US, allies launch strikes on Syria; Trump warns Russia, Iran
The United States, Britain and France launched punitive military strikes against Bashar al-Assad's Syrian regime in response to its latest alleged chemical weapons atrocity, President Donald Trump announced Friday.
Shortly after Trump began a White House address to announce the action, large explosions were heard in the Syrian capital Damascus, signalling a new chapter in a brutal seven-year-old civil war.
"A short time ago, I ordered the United States armed forces to launch precision strikes on targets associated with the chemical weapons capabilities of Syrian dictator Bashar al-Assad," Trump said in a primetime televised speech to the nation.
"A combined operation with the armed forces of France and the United Kingdom is now under way. We thank them both. This massacre was a significant escalation in a pattern of chemical weapons use by that very terrible regime."
A US official said the strikes had targeted chemical production facilities. Another official said multiple types of bombs were used, and a variety of targets chosen.
"Russia must decide if it will continue down this dark path or if it will join with civilized nations as a force for stability and peace," he argued.
The strikes had been expected since harrowing footage surfaced of the aftermath of the alleged toxic gas attack in the Damascus suburb of Douma, which took place a week ago, and Trump reacted in an emotional tweet.
"Many dead, including women and children, in mindless CHEMICAL attack in Syria," he declared.
"President Putin, Russia and Iran are responsible for backing Animal Assad. Big price to pay."
Trump's anger and apparent determination was quickly matched by France's President Emmanuel Macron, who signed his country up for a joint response.
Britain's Prime Minister Theresa May was more cautious, but by the time the first precision cruise missile was launched, Trump had a mini-coalition.
May said there was "no practicable alternative" to the use of force against Assad.
Trump's language was more brutal: "They are crimes of a monster."
In the six days between the attack and the US-led response, Washington and Moscow clashed repeatedly in duelling press statements and US debates.
Moscow denied its ally Assad had any role in the outrage, pushing a variety of alternative theories that peaked with a claim that Britain had staged the event.
More practically, at the United Nations, Russia's diplomats vetoed a US motion to re-establish an international investigation into chemical weapons use in Syria that could have established blame.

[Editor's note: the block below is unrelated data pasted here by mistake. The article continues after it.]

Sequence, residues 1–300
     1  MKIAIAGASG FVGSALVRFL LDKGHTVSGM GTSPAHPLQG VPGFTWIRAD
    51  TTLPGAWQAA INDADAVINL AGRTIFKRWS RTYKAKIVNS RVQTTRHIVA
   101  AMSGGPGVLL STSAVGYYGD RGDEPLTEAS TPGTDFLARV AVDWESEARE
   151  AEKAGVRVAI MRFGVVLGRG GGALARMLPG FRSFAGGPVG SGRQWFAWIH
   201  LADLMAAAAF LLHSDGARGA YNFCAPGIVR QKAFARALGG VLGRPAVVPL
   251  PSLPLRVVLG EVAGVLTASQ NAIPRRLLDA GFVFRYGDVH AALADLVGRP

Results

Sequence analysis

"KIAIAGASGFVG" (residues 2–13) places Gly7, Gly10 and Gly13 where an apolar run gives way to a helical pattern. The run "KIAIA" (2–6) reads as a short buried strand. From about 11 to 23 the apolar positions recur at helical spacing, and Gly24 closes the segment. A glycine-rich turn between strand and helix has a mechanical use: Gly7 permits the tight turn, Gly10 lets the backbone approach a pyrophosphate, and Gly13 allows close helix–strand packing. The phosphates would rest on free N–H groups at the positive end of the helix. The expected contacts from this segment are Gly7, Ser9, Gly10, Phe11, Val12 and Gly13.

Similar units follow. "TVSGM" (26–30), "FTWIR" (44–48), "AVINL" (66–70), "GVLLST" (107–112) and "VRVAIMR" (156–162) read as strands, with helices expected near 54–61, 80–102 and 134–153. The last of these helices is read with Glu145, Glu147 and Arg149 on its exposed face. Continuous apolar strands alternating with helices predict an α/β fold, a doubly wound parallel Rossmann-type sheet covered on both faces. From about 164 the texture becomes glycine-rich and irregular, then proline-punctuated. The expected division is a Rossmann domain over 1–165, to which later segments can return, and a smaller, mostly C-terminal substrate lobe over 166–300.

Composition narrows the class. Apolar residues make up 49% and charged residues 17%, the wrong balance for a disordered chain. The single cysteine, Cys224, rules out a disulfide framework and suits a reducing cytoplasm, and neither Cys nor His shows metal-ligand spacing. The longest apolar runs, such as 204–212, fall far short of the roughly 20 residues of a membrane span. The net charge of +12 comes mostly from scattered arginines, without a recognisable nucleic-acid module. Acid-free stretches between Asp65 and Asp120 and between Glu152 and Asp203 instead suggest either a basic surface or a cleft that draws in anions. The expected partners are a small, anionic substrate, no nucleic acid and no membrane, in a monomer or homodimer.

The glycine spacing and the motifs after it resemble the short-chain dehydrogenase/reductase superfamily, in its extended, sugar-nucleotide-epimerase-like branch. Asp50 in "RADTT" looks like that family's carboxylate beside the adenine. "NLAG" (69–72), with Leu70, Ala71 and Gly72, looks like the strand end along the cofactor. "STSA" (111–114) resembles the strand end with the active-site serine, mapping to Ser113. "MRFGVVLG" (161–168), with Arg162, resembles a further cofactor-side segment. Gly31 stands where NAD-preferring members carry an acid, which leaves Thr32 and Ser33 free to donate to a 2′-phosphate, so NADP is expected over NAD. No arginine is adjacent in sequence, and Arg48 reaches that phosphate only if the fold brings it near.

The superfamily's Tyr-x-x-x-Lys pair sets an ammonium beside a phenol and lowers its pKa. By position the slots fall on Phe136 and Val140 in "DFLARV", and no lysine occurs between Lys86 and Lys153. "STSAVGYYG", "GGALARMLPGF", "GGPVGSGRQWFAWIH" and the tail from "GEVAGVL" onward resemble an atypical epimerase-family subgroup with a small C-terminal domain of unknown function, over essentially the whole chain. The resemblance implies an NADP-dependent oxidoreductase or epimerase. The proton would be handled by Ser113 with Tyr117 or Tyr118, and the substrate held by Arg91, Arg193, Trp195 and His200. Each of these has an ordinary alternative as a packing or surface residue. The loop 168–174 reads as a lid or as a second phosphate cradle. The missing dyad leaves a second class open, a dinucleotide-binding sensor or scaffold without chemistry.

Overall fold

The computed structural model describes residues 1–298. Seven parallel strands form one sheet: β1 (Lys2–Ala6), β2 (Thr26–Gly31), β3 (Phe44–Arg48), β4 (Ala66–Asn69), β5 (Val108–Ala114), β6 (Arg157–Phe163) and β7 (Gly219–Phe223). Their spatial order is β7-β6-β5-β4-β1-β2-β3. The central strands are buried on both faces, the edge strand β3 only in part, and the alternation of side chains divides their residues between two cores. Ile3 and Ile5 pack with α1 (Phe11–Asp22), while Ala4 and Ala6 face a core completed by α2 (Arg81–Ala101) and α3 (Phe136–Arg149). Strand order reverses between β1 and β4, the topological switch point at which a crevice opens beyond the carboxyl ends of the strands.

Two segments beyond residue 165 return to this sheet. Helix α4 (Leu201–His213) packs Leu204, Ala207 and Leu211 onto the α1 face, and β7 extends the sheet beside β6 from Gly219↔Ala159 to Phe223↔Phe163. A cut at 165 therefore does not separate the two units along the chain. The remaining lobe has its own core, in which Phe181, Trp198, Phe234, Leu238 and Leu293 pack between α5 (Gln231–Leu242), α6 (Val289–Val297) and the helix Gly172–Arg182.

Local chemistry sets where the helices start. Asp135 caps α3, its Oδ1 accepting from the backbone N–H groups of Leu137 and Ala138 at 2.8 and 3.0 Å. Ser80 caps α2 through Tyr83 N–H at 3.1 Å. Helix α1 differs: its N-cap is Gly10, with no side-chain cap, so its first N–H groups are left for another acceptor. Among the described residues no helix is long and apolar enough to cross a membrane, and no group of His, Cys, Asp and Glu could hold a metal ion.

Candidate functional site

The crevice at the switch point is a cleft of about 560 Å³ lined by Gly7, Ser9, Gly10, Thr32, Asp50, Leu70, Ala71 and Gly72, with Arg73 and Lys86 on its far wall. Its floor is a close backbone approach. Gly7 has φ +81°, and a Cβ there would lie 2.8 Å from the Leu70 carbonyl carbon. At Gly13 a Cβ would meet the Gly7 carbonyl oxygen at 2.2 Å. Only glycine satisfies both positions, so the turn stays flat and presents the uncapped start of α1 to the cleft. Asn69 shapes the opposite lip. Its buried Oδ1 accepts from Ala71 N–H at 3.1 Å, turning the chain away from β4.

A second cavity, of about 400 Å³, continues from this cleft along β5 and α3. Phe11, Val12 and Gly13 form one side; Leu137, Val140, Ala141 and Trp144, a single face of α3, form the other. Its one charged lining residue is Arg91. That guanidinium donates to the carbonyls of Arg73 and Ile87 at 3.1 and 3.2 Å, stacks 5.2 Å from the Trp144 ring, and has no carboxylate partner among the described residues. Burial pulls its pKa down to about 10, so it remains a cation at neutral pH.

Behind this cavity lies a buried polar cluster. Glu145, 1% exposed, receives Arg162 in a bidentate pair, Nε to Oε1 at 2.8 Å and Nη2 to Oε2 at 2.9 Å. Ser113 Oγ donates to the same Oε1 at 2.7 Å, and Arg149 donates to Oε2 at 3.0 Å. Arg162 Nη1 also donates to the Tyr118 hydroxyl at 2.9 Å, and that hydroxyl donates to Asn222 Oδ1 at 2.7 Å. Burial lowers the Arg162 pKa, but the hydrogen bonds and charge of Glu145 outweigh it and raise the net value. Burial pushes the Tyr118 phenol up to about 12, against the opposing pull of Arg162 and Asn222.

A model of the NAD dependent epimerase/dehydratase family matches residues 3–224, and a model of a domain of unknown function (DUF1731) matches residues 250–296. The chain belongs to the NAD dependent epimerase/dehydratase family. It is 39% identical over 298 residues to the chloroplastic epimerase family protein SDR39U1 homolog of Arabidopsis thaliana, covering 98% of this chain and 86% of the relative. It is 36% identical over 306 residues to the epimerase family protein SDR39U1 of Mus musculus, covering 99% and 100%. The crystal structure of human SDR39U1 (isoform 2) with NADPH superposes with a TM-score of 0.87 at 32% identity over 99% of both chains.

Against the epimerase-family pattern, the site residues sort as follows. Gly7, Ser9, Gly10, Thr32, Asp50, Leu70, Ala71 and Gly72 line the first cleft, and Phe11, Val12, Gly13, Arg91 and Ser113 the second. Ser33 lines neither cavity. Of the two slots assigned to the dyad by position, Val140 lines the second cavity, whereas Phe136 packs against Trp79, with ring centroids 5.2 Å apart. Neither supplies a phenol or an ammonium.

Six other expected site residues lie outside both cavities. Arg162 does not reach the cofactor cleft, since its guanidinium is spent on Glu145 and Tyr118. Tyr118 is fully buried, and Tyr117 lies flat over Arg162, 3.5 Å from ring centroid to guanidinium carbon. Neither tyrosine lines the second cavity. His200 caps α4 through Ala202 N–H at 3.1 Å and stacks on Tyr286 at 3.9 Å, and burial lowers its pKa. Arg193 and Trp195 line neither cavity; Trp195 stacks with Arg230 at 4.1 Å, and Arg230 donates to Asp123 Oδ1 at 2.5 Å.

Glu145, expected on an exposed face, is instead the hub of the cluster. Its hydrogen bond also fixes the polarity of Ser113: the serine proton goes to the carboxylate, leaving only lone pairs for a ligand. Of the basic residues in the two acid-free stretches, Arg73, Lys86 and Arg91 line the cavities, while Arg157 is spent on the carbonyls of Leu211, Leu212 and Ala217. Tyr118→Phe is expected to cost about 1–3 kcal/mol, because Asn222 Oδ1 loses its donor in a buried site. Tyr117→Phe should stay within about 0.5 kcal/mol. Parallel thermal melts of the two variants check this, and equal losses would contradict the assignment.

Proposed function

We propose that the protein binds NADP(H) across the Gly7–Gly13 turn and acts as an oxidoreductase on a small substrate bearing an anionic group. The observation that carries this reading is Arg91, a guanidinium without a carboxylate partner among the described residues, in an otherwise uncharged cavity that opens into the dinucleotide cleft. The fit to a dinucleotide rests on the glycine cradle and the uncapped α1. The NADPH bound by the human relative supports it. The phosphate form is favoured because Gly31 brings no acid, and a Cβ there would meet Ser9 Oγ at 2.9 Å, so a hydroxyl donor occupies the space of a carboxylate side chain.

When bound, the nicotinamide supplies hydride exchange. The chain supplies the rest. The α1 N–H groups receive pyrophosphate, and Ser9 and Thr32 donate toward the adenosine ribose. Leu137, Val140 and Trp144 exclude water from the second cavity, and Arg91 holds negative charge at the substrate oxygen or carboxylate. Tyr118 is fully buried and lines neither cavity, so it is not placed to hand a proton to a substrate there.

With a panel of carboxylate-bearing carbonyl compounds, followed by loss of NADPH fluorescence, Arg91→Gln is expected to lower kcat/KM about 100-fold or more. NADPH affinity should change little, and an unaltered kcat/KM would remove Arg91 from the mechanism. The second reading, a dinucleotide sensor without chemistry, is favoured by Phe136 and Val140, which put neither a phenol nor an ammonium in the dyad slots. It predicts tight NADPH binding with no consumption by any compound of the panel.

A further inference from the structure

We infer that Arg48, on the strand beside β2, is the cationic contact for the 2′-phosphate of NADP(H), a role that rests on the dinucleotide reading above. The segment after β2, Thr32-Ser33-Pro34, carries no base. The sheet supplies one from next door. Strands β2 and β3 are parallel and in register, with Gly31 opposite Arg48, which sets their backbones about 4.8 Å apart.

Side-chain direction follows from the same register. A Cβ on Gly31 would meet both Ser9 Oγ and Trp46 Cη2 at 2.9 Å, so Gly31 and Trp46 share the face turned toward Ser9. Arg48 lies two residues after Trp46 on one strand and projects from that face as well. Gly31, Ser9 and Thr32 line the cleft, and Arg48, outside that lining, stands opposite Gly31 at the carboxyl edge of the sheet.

Washington, Paris and London have nevertheless insisted that their own secret intelligence points to Assad's guilt, and on Friday, a US spokeswoman said they had "proof."
The western leaders apparently found this convincing enough reason to launch a punitive strike, but other observers are concerned that the crisis could escalate.
The Russian military had vowed to respond to any attack, and Russian President Vladimir Putin's administration had repeatedly warned that Trump was taking America down a dangerous path.
That concern was mirrored by United Nations Secretary-General Antonio Guterres, who on Friday warned the rival camps against "full-blown military escalation."
"Let us not forget that, ultimately, our efforts must be about ending the terrible suffering of the Syrian people," he urged the United States, Russia, China, France and Britain.
And he stressed the need "the need to avoid the situation spiraling out of control."
But Trump has long criticized his predecessor Barack Obama for failing to enforce a previous US "red line" in 2013 after earlier chemical attacks blamed on Assad's forces.
And he set his own precedent just over a year ago when he ordered a cruise missile strike on a Syrian air base after sarin was fired at civilians in the town of Khan Sheikhun.
Backed by his hawkish new national security adviser John Bolton, who took office on Monday, Trump has been meeting with advisors and generals all week to plan.
Defense Secretary Jim Mattis has reportedly been arguing for a cautious response that would minimize the risk of the US being dragged deeper into Syria's civil war.
But other advisors want to use the opportunity to convince Trump, who wants to pull US forces out of Syria once the Islamic State jihadist group is defeated, to take a tough stance. AFP